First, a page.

Howdy everybody -- Greetings from Barcelona. Sorry about the slight delay. Looking forward to fielding as many TdF questions as I can over the next 50 minutes!
Bonnie,One of the questions yet to be answered is whether Lance's ability to put in a tough stage and then do it again the next day is the same as it used to be. We'll probably get part of the answer when the Tour hits the mountains, but I was wondering if there's been any word on where Lance's VO2 max is these days. It usually goes down as we age. He reportedly had an insanely high VO2 max (c. 85), but that was a few years ago.Thanks
Hi Tom -- Great question. We won't know the answer to that for a bit, as tomorrow's mountain stage is followed by a rest day. And... we don't know if LA will be a protected rider for his team yet.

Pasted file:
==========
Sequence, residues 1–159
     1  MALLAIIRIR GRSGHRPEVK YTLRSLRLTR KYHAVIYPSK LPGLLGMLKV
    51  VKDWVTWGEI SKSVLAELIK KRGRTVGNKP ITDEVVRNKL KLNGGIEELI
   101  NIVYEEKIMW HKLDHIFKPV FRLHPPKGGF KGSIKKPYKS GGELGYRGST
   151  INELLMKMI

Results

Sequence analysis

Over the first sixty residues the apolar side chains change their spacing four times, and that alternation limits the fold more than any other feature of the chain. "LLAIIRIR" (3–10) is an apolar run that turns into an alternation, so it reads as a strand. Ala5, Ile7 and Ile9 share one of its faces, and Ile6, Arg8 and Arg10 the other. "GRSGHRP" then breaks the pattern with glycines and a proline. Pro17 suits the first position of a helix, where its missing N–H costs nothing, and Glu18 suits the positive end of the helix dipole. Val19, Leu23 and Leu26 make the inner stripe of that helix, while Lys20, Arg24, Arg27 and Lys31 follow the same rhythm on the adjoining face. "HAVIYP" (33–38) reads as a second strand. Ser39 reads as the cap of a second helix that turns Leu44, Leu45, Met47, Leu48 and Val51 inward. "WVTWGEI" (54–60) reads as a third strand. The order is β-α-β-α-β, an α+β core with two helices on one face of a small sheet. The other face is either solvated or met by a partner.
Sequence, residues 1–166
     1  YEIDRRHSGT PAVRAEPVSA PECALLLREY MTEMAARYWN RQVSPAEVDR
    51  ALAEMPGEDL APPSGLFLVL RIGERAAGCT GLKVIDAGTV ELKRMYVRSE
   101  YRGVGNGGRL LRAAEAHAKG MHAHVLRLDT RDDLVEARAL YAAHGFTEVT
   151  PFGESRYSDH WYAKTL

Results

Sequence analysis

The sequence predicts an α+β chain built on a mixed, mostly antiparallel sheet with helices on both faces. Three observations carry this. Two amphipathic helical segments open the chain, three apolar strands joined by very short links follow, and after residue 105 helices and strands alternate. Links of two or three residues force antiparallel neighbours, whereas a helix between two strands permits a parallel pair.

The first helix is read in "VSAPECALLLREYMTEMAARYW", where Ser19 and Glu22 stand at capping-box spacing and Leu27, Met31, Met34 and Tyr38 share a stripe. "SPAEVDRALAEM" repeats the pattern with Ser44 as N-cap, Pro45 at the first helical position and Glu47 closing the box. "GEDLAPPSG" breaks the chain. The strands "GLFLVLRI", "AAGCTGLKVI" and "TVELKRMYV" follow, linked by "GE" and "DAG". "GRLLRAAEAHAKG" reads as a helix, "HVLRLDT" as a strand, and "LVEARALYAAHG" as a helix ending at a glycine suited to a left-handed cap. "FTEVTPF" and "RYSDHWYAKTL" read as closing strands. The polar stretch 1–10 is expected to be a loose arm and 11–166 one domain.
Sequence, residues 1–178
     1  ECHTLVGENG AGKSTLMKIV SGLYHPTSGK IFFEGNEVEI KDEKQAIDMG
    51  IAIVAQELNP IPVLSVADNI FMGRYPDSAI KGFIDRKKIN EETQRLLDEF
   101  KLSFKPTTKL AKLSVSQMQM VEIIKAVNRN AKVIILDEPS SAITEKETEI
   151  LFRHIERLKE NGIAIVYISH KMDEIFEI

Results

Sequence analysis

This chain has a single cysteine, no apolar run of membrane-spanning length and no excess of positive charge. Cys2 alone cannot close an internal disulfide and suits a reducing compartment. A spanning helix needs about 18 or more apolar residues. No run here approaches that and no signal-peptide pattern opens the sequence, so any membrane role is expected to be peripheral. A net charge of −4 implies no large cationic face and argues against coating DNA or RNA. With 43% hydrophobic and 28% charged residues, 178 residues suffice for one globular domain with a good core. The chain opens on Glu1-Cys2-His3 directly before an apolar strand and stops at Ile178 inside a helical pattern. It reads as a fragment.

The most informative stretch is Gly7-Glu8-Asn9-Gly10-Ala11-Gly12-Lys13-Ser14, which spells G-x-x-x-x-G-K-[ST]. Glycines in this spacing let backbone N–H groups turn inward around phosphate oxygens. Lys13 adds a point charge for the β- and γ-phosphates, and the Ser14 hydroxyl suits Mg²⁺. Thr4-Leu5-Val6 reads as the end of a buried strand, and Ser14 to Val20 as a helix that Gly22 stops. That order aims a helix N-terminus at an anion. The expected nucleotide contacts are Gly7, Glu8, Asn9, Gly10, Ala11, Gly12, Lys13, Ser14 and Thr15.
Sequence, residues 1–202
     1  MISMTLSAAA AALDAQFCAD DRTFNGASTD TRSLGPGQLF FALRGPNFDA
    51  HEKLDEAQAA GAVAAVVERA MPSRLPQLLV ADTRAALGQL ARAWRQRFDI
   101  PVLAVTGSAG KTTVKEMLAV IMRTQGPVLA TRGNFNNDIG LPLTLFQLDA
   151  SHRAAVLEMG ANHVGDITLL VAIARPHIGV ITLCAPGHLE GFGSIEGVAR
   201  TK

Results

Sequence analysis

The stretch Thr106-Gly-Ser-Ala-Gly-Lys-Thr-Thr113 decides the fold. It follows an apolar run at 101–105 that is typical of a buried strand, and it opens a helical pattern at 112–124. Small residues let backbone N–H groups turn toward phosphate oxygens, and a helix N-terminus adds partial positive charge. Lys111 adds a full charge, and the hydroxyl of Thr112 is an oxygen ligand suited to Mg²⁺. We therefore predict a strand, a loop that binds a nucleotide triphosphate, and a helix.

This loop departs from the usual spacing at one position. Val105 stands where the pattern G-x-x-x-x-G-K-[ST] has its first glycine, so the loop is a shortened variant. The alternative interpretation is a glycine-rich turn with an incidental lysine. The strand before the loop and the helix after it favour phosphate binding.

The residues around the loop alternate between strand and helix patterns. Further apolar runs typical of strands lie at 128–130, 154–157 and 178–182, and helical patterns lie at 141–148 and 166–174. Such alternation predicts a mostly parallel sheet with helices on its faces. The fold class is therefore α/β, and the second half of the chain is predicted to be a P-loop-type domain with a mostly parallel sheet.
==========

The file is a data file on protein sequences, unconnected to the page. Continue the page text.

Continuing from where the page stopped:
Your thoughts on how the ear-piece ban may affect the race and/or specific riders during Stages 10
I'm curious to see. It's not as if they're going to race with earplugs -- riders will do things the old fashioned way, dropping back to the team car for info and getting time gaps from the race officials on motos. The ban applies only to car-to-rider radio -- directors will still have race radio. Biggest effect may be psychological. The Tour organizers tried to pick stages that were interesting but not decisive for the overall -- though as we found out a few days ago, sometimes "predictable" stages have unpredictable outcomes.
In your opinion, what is the Queen stage of this race. I have yet to hear anyone talk about one. Is it Mont Ventoux?